Baptist-Catholic university partnership forges religious liberty alliance
Barbara L. Salisbury, For the Deseret News
What sounds like the beginning of a bad joke actually has a hopeful ending: An evangelical Protestant and a Roman Catholic walk into a conference room ... and two major universities join together in an effort to preserve religious liberty.
The burgeoning partnership between Byron Johnson, who directs the Institute for Studies of Religion at Baylor University, and Tom Farr, who directs the Religious Freedom Project at Georgetown University’s Berkley Center for Religion, Peace and World Affairs, is bringing together two separate camps in Christianity that, for centuries, had often opposed each other.
Baylor in Waco, Texas, often billed as the world’s largest Baptist university, and Georgetown, the nation’s oldest Jesuit and Roman Catholic university, weren’t direct rivals, but their sponsors, historically, were. For centuries after the Protestant Reformation, cooperation between Catholic and Protestant groups was often viewed as aiding and comforting the ecclesiastical enemy.
But in the face of increased threats to religious liberty at home and abroad, a joint venture between the two institutions isn’t a punchline, it’s almost a necessity. Whether it’s the plea of a Christian-owned firm to be allowed its conscience in providing health care benefits to employees, the continuing debate over same-sex marriage’s religious liberty implications, or the persistent global imbalance of religious rights abuses in some parts of the world, the question of religious liberty cuts across theological and denominational borders.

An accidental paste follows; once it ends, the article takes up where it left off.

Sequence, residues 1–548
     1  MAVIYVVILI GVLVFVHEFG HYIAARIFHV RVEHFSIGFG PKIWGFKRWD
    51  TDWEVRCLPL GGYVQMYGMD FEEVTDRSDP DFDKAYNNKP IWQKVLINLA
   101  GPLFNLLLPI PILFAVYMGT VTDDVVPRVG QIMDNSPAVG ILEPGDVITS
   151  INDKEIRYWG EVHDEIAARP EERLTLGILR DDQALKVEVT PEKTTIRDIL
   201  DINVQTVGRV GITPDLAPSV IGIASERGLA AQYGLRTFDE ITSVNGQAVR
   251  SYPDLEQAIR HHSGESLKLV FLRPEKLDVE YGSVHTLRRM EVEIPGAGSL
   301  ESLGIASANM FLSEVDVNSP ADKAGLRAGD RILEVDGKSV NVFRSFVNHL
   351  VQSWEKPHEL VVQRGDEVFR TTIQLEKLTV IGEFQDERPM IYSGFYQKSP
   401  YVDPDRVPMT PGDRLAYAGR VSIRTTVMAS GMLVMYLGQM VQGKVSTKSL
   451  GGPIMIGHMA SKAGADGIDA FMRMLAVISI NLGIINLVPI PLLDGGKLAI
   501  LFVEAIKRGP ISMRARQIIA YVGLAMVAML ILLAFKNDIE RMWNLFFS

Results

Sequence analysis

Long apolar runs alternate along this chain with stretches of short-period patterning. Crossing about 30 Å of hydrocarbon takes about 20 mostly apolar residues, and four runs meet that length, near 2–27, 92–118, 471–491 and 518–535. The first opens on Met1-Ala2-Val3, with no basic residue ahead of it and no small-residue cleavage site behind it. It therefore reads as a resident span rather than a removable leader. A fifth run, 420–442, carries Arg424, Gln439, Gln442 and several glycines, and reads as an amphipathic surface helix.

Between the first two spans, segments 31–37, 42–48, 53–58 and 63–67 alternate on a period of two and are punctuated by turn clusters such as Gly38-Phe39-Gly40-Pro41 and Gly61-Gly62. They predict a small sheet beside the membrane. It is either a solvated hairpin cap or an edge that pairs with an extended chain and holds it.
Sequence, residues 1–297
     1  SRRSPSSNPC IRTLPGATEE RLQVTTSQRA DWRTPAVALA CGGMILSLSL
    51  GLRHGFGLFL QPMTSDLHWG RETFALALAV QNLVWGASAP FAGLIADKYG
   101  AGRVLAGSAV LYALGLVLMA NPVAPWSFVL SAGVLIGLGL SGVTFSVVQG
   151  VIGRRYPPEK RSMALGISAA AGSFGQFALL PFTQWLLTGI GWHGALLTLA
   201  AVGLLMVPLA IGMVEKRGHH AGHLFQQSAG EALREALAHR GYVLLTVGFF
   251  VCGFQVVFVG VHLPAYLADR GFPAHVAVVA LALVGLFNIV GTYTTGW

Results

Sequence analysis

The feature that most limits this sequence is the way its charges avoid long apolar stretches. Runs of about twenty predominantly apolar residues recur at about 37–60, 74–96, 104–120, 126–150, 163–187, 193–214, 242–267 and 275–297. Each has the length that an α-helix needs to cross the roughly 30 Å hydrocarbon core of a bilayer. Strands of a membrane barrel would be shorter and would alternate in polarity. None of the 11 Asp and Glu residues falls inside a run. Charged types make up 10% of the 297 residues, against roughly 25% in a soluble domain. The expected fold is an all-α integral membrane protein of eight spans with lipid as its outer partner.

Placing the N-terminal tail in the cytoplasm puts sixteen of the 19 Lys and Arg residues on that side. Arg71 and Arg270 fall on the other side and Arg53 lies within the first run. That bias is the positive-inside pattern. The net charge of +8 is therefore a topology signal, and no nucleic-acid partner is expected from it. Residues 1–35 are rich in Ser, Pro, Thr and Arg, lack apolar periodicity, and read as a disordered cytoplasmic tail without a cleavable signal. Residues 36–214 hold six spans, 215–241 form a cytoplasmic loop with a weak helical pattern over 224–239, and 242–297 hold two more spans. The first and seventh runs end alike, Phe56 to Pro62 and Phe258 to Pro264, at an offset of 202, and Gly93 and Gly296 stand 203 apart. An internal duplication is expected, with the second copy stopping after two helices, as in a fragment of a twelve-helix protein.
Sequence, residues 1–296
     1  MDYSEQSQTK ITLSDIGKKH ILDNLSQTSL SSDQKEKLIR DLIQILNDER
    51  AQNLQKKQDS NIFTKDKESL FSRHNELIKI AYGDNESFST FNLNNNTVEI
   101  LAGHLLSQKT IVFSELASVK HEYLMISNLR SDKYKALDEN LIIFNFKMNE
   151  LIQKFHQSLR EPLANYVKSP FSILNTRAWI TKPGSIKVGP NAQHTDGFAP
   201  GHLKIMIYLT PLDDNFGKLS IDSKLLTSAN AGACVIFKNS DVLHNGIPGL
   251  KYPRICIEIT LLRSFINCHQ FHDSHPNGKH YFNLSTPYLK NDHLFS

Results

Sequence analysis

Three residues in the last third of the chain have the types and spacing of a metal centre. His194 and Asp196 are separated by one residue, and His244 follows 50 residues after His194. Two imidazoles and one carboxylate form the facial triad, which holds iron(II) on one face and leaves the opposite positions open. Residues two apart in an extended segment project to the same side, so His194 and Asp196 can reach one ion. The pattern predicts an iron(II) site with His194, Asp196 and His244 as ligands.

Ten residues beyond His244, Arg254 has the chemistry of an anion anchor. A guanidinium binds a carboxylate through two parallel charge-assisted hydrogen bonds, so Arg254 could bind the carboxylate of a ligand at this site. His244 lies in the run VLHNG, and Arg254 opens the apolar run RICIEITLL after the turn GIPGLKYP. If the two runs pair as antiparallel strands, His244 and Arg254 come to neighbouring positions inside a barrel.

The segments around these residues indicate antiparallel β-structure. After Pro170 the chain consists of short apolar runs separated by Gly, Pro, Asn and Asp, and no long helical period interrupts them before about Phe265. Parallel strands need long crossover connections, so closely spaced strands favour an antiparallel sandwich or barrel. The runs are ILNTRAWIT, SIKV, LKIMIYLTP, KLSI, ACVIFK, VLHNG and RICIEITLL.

"There's plenty of data to indicate religious liberty across the globe; the loss of religious liberty is on the upswing," said Johnson, who described himself as an evangelical Protestant.
Farr describes the current global religious climate "a political crisis of religious freedom. I think most Americans are simply not aware of what’s going on 'out there,' so to speak. ... They’re only episodically aware of the terrible suffering of Christian minorities and some Muslim minorities, and Jews and others out there, Tibetan Buddhists and Baha'is, and all the other minorities around the world. They’ve really suffered terrible harm frequently, sometimes on a daily basis."
Friendship spawns alliance
So how do people from a Catholic university and a Baptist one end up partnering on religious freedom? It starts with friendship, both men said. They met while serving on an advisory board at the Templeton Foundation.
"We became friends just because of so many common interests," Farr recalled. "It wasn’t too long after that that we began to say, 'You know, we should be cooperating together on the issue of religious freedom, because we share this passion for it. We’re from two different parts of the Christian tradition, but we come together on many things, and this is one of them.'"
Farr said informal talks on developing a joint program began in 2013 and the formal partnership "was sort of signed, sealed and delivered in early 2014."
Johnson recalled, "The more time we spent together, and the more we began to compare notes, and, (while) I haven't done research in the area of religious liberty, per se, but a lot of the work I do, studying prison reform, and the faith-based programs and the efficacy of the faith-based programs, where they're allowed to flourish and maybe where they're not allowed to flourish, what are the implications — those are all somewhat religious freedom issues."
Thus far, the joint venture — which doesn’t have a formal name — has organized two major events. A December 2013 conference called "Christianity and Freedom: Historical and Contemporary Perspectives," was held in Rome, where the range of presenters included Baylor president and former U.S. Solicitor General Ken Starr.
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